A group of Yale University students has won an award for the “innovative” idea that more property taxes and user fees are the answer to cleaning up the Deschutes National Forest.
The funds would support businesses that would use forest materials to make products, but need financial help because those products aren’t commercially viable. That would in turn make forest cleanup financially attractive, the students report.
The students won the Barrett competition for their plan to create the Deschutes Collaborative Conservation Fund to support companies to thin the forests and turn the material into products such as wood chips and animal bedding. The money would come from an additional property tax, surcharges on water bills and added fees for hikers, bikers and beer drinkers, among others.
Just how tax and spend is “innovative” escapes our understanding.
And we’re also not clear on why local residents should pick up this tab when they have no control over what happens on the vast tracts of federal land that dominate the region.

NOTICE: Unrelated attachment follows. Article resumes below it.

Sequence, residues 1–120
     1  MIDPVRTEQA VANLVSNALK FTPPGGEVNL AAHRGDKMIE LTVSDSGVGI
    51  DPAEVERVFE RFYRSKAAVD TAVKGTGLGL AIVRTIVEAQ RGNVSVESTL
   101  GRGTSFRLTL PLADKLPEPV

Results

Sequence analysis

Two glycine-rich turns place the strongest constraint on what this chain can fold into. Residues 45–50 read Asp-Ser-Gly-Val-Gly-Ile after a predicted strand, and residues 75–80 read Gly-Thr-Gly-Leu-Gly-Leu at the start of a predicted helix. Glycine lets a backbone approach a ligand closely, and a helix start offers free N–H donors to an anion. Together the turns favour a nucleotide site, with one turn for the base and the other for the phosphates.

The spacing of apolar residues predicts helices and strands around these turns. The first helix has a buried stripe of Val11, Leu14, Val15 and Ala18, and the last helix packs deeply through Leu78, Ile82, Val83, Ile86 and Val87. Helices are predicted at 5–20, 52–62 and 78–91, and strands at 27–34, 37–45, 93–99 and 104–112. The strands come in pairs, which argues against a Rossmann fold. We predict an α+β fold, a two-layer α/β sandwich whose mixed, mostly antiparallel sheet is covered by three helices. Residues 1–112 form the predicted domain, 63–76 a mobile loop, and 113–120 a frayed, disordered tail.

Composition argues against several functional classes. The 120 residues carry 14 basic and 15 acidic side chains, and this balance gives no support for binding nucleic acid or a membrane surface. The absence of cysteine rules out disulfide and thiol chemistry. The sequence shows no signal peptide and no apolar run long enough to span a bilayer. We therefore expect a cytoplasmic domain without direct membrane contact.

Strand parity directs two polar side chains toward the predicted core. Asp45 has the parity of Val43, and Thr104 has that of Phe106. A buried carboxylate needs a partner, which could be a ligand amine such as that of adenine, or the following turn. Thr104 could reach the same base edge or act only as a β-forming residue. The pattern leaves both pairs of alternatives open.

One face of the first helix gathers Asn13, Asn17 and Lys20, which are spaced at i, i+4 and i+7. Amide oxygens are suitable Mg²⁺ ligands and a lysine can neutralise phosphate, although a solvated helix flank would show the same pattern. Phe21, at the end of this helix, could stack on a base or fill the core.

But the real issue is timber. Some true innovation might have come from a focus on how to restore that once-highly successful industry, which for decades poured money into the local economy, not drained it out.
Rather than ask taxpayers to finance a new type of industry, how about taking the restraints off the one we already know, the one crippled by environmental regulation?
There is broad understanding that some timber practices — like those in many early 20th-century industries — caused unacceptable environmental damage. It should be equally obvious that overzealous regulation and environmental extremism are preventing the industry’s recovery.
The students’ efforts might have led to some real innovation if they had focused on finding the right compromises that would protect the environment while breaking the grip of government control and letting the power of private enterprise flourish.